Prompt: Something you miss
I miss high school—not my teenage years but the years I spent teaching high school English.
A few weeks ago, I went to the local high school with my son to see his friends play a 10-minute exhibition game as the half-time entertainment for the boys’ basketball game. As soon as I walked into the building, I felt the energy that only exists in a school: An energy fueled by youthful hope and ambition.
We were a little early, so we sat in the bleachers by Ian’s friends. As I looked at the faces on the court, I was disappointed that I didn’t know anyone. Then I immediately chastised myself. How could I know anyone in this building? I don’t teach here. I don’t teach at any high school anymore. My heart began to ache.
Ridiculously, I fought back tears. Why did I leave a place I loved so much? How could I resign from a position that defined my purpose in life? How could I leave the students who needed me?
I looked at the parents, siblings, students, and teachers sitting in the stands. In Colorado I would have had at least one if not five people approach me while I was sitting there—a student just to say hi or a parent thanking me for working with his or her child or an older sibling back from college telling me I made a difference. But here, in this high school, no one knows me: None know that I used to change lives for the better; none know that I would lose sleep worrying about students just like them; none know how much it meant to my students to see me sitting in bleachers just like these.
While Ian watched his friends play, I evaluated what to do with this surprising surge of emotion. Did this mean I should start applying for secondary teaching jobs? Would anyone even hire me after my public resignation letter? If so, could I really work fulltime in a public school again? That thought brought a new surge of pain and questions. How could I go back to a public school, no matter how much I loved it, when the reason I left still exists? How could I be part of a system that aims to replace hope and ambition with standards and test scores? How could I go back to a profession that is being exploited by corporate greed and destroyed by bureaucrats with little concern for our children?
As my mind and heart raced, I thought about my college students. I am still changing lives and losing sleep over them, but I’m not immersed in the community the way I was in high school. As an adjunct, I just show up for class. If a student has questions, I stay on campus a little longer, but I’m free to leave when I’m done. I know I am still making a difference with my college students, but at a community college, I have many nontraditional students who are no longer teenagers in their formative years. Nevertheless, they respond positively to my encouragement, tough love, and passion. Most of my students leave at the end of a semester better prepared for their futures. Some students, however, don’t make it to the end of the semester. They didn’t start this process with the necessary work ethic or resilience to battle through entitlement issues, to embrace the demands of a college class and grow stronger mentally and emotionally because of it—skills I made sure I taught in high school.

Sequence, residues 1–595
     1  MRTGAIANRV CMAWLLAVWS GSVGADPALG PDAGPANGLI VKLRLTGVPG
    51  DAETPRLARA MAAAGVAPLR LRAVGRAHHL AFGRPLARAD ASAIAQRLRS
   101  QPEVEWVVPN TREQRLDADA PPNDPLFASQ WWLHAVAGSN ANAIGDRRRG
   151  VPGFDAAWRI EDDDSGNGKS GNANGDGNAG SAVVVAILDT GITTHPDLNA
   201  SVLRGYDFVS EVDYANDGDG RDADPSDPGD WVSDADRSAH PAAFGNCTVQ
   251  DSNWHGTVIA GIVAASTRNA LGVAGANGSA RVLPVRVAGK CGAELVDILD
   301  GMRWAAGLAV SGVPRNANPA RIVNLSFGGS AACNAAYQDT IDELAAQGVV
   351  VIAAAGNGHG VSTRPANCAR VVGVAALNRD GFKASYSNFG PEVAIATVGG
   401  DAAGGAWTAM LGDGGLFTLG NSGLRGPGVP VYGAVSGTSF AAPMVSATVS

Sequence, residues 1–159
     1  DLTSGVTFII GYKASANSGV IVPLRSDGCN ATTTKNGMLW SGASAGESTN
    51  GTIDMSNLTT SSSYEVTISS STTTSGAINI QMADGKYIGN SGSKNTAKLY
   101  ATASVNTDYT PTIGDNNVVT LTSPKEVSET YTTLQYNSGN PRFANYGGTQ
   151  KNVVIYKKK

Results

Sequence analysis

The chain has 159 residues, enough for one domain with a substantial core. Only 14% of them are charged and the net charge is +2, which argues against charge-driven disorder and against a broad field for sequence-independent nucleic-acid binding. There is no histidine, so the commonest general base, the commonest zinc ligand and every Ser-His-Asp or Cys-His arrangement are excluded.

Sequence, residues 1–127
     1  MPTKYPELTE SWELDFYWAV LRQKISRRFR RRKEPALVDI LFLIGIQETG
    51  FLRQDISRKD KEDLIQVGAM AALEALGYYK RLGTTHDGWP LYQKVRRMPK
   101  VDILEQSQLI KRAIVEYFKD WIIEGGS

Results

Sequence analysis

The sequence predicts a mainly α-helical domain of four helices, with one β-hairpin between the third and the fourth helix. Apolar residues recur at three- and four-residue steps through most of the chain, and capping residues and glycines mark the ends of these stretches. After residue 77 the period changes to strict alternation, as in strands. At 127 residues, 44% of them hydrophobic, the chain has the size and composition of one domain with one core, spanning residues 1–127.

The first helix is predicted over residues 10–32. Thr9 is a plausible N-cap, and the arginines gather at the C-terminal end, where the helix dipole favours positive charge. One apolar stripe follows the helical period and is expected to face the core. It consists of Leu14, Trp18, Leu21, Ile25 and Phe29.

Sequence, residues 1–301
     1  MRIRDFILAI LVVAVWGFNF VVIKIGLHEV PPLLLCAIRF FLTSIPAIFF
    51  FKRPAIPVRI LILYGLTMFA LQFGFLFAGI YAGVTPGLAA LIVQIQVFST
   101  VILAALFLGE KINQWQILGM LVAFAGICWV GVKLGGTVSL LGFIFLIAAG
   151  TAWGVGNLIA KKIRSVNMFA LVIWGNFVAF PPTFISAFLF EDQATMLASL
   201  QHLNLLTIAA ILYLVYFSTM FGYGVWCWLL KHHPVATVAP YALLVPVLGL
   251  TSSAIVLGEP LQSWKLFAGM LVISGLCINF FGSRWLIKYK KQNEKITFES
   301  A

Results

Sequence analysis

I also thought about my financial situation. I’m barely making it right now. I chose to work as an adjunct so that I would have time to write. But a part-time adjunct position has just as much work as a fulltime high school position with a quarter of the pay. So I have less money and still have limited time for writing. If I taught fulltime again, I would at least have money, but I wouldn’t have as much time with my son.
So where does this leave me? How do I get all of my son’s and my needs met without sacrificing my convictions? How can I still be part of a system that encourages and builds up students when they are at their most vulnerable?
This semester, I put a few things in place: I started tutoring a high school student, which has been great. I also am on the subbing list for the middle and high schools in the area. My son will be moving up next year, so I hope to have more jobs in the middle school—that would be the best of both worlds.
Last week, I had my first subbing assignment in the middle school—8th grade English. I felt the energy again as soon as I walked into the building. Being a substitute is definitely different from being the main classroom teacher: Some students tested my teaching abilities immediately. They brought their phones out, walked around the room, sat next to friends, talked while I talked, but they quickly found out I was in charge, but not with an iron fist. I smiled, laughed, and quietly controlled the room. Some students were sweet and wanted to talk to me. I loved it all! I felt like I was home. This was a viable solution for my heartache. Maybe, if I were there enough, students would remember and recognize me. I could be part of this system, encourage teenagers, and make some extra money.
Ironically, while Ian was jumping at Blitz and I was writing this post, a student from the 8th grade class I taught walked past me and stopped: “Hey! You’re the sub from the other day, aren’t you?”
I think this is going to work just fine.
This writing challenge was painful and cathartic. I cried while writing it, which helped me heal, but it also renewed my passion for true educational reformation. After I published this post, I realized I had more to say about education and the teachers leaving the profession, like me, with broken hearts. I turned this challenge into a post that is now on Huffington Post. You can get to that post here.